There's a quote I wanted to start this off with. It's from the liner notes to the Complete Atlantic Sessions box of Willie's that came out a year ago or a couple years ago. The story went that a man who owned a club had booked Willie in. He introduced Willie to the audience on the night of the show and got little reaction. Willie was a bit of a marginal guy in music back then: not quite country, not quite not country; maybe he always has been and was, but it seems people had less of an appreciation for that sort of thing back then. So the man introduced him and got little reaction. He introduced him again and got a couple of claps. Then he got angry and said "He's only a genius, you piece of shits!" That was the story. Well I looked at the liner notes to the Complete Atlantic Sessions, and that's not really how it goes, but I'm going with it. You can take a look and see what really happened; it's not too far off and probably funnier.
The Reveries are playing Willie Nelson's songs on this album. They're a funny band to peg too, though I didn't mean to infer that they're marginal or underappreciated, and this isn't about whether they're geniuses, either. Doug Tielli said he feels like the music made itself, in a way. "I just have to laugh when I listen to it." Yeah, Doug, me too, because it's a wonder!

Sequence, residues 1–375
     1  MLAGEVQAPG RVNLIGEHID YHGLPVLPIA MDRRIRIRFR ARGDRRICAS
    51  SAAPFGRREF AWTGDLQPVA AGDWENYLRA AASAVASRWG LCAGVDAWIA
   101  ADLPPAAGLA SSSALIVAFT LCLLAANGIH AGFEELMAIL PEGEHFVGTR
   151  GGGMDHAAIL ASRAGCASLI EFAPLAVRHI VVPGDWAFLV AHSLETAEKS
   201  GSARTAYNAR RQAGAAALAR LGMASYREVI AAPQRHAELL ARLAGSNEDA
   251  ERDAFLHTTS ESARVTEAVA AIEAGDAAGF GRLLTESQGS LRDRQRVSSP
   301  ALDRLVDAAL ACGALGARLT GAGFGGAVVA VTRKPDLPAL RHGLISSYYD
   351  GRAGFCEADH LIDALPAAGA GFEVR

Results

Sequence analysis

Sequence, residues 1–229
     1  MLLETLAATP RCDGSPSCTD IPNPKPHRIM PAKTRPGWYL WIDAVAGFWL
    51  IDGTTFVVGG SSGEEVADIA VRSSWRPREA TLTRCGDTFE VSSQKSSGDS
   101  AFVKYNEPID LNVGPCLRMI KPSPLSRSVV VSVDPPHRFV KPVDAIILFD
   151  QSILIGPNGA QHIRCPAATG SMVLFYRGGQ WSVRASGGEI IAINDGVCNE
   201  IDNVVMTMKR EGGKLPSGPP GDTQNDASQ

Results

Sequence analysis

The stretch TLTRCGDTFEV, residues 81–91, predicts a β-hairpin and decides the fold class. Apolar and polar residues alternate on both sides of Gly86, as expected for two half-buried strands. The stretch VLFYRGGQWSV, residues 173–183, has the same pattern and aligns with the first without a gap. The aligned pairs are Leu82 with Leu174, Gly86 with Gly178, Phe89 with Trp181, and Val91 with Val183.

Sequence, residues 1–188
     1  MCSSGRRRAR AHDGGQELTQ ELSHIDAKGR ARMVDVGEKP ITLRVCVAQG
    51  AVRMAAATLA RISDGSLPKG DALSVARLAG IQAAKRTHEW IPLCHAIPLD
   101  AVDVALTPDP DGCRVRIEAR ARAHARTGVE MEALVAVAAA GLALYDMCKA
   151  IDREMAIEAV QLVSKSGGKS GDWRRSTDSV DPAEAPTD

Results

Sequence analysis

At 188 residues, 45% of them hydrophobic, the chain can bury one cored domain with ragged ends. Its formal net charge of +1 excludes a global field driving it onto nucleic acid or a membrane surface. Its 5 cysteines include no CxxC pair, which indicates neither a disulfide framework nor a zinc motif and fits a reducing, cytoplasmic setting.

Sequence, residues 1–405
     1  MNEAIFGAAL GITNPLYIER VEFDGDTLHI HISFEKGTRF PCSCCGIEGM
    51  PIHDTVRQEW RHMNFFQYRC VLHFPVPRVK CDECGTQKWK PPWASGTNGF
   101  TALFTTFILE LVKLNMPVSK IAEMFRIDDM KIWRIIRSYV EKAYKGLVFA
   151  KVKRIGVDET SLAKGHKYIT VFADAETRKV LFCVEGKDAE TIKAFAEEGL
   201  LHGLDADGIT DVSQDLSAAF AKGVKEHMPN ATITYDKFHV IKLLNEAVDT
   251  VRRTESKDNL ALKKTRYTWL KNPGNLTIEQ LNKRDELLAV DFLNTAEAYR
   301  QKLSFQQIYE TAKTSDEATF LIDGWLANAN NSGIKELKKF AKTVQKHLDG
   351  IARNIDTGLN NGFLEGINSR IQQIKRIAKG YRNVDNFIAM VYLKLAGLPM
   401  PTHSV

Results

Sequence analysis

Now here it seems like a good idea to offer a kind of key to the wonder of the Reveries, because I'd been hearing and seeing the band play for a while without knowing what was really going on with the things in their mouths, and when it was finally explained to me, the music opened up for me.
The Reveries' instruments go through eachothers' mouths! I think that sounds pretty nice on its own without going into detail, but I will. The Reveries play, each Reverie with an altered cell phone speaker in his mouth (each except Jean Martin, because "It would make him gag,"), and each speaker broadcasts the sound of a different instrument that's being played in the band. Ryan Driver's voice and sometimes the drum machine go through Eric Chenaux's mouth. Eric's guitar goes through Doug's mouth, and Doug's guitar or saw goes through Ryan's mouth. The Reveries can then, by opening and closing their mouths, essentially play eachothers' instruments, with a sound something like that grating fuzz that was so popular in grungy music of the nineteen nineties, only not grating and really interesting.
So there it is. There's one more thing I think you ought to know, and then that's it. This is the first in a series, maybe of four, where the Reveries will play the songs of one artist on an album. Sade, Prince, and Nick Cave albums are all in the works. Just so you have something to look forward to.
-Anna Linda Siddall
released July 16, 2021
Eric Chenaux — electric guitar, harmonica, mouth-speaker, vocals
Ryan Driver — street-sweeper bristle bass, thumb-reeds, mouth-microphone, mouth-speaker, vocals
Doug Tielli — electric guitar, nose-flute, saw, mouth-speaker, vocals
Jean Martin — electric and acoustic drums
All songs written by Willie Nelson
Recorded at The Farm by Jean Martin, Toronto, 2007
Mastered at Grey Market Mastering by Harris Newman
Design by Lewis Nicholson, Drawings by Ryan Driver
Rat-drifting music searches for specificity, celebrates detail. It experiments with radical particularity and wonders about
the possibilities and potentials of those experiments. If the music drifts, it does so in the hopes that the listener drifts with it—her/his imagination experimenting with the possibilities of the music as well, as they find their own route through their own experience....more